Bird Flu Strain Kills Human for the First Time
Chinese authorities said Wednesday that a 73-year-old Chinese woman died after being infected with a bird flu strain that had sickened a human for the first time, a development that the World Health Organization called "worrisome."
China's Center for Disease Control and Prevention confirmed the woman in the city of Nanchang had been infected by the H10N8 bird flu virus, a strain that had not previously been found in people, the Jiangxi province health department said on its website.
This is the second new bird flu strain to emerge in humans this year in China. In late March, the H7N9 bird flu virus broke out, infecting 140 people and killing 45, almost all of them on the mainland. The outbreak was controlled after the country closed many of its live animal markets — scientists had assumed the virus was infecting people through exposure to live birds.
Timothy O'Leary, spokesman for the World Health Organization's regional office in Manila, said WHO officials were working closely with Chinese authorities to better understand the new virus. He said though its source remains unknown, birds are known to carry it and it would not be surprising if another human case was detected.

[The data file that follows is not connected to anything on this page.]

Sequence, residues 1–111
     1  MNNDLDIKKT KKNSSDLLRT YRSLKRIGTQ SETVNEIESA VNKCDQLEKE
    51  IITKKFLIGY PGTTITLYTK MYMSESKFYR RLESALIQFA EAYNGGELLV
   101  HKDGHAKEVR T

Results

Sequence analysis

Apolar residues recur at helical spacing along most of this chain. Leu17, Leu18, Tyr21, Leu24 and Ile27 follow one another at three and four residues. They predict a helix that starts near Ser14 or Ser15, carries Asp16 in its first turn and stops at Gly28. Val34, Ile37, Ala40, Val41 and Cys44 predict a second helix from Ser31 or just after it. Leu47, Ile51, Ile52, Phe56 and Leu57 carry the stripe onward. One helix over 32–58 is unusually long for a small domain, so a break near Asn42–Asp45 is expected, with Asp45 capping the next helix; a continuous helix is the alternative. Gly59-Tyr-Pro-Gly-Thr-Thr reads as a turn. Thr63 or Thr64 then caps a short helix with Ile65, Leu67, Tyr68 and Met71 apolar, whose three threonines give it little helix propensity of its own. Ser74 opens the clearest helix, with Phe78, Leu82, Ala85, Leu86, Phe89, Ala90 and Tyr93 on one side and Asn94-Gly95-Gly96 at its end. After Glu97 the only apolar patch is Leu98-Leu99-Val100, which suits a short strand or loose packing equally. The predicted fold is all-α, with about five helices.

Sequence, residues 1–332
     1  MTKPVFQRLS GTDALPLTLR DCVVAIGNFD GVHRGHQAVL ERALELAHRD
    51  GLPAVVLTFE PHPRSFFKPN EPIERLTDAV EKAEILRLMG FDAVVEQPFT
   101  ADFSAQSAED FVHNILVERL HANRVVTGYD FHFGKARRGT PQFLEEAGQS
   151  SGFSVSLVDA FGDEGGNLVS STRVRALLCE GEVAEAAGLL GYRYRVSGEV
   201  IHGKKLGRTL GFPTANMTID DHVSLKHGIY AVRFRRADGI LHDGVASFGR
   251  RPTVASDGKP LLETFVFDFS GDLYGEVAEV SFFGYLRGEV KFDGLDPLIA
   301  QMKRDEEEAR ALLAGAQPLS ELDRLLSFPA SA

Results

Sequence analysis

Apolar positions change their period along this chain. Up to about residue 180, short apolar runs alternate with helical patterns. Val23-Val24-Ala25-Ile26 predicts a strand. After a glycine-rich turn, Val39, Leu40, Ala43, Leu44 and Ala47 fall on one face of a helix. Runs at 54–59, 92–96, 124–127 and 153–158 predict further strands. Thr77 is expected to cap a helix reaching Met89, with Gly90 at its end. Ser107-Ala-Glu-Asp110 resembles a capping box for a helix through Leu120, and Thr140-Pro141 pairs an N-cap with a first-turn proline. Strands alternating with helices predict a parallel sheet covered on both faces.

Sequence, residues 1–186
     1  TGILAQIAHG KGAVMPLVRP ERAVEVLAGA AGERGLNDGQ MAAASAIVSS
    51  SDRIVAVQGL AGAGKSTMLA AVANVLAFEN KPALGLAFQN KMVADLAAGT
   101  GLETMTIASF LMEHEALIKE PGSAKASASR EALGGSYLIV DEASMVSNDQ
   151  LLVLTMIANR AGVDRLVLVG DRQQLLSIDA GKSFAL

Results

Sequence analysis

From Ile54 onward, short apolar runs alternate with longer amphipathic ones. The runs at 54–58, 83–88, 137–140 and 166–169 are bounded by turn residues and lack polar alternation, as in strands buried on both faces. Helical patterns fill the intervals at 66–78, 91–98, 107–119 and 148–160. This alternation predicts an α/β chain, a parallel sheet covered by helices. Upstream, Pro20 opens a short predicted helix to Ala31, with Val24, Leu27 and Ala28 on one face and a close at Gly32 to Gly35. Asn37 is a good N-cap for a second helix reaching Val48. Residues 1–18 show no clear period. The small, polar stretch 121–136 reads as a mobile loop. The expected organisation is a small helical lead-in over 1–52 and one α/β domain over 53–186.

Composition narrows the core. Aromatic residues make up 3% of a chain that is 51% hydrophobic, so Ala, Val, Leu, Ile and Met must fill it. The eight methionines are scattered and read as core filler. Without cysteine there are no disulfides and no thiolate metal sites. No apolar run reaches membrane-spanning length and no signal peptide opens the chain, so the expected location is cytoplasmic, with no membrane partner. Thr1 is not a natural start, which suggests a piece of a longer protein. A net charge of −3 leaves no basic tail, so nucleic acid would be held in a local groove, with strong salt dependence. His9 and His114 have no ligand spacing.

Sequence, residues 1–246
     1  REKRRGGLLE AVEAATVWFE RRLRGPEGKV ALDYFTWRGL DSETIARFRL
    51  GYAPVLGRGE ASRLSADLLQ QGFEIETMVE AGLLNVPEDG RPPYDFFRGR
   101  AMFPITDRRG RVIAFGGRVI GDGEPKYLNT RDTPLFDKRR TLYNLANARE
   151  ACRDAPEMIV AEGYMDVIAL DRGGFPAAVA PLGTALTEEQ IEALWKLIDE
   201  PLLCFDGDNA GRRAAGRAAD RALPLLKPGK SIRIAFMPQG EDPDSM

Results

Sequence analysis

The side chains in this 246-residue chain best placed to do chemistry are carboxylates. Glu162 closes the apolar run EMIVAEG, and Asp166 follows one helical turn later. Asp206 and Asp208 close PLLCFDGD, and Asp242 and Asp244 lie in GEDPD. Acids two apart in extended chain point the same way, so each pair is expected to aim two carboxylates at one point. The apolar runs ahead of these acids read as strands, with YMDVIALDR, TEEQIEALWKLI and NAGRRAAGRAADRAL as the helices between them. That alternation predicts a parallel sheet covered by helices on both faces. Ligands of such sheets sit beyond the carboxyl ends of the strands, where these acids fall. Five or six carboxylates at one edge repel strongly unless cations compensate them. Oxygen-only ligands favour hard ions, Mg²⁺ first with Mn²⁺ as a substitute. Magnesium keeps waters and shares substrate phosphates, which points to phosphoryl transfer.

"It's worrisome any time a disease jumps the species barrier from animals to humans. That said, the case is under investigation (by Chinese authorities) and there's no evidence of human-to-human transmission yet," O'Leary said by phone.
In the new case, the Jiangxi health department said the woman had severe pneumonia before dying Dec. 6 in a hospital in Nanchang.
She had suffered high blood pressure, heart disease and other underlying health problems that lowered her immunity, the health department said. Her medical history showed that she had been in contact with live poultry.
The health department said "no abnormalities" have been found in people who had close contact with her. It did not say if they had been tested or quarantined, though China has in previous outbreaks taken those measures.
Experts are cautious when it comes to bird flu viruses infecting humans. They have been closely watching the H5N1 bird flu virus, which has killed 384 people worldwide since 2003. The virus remains hard to catch with most human infections linked to contact with infected poultry, but scientists fear it could mutate and spread rapidly among people, potentially sparking a pandemic.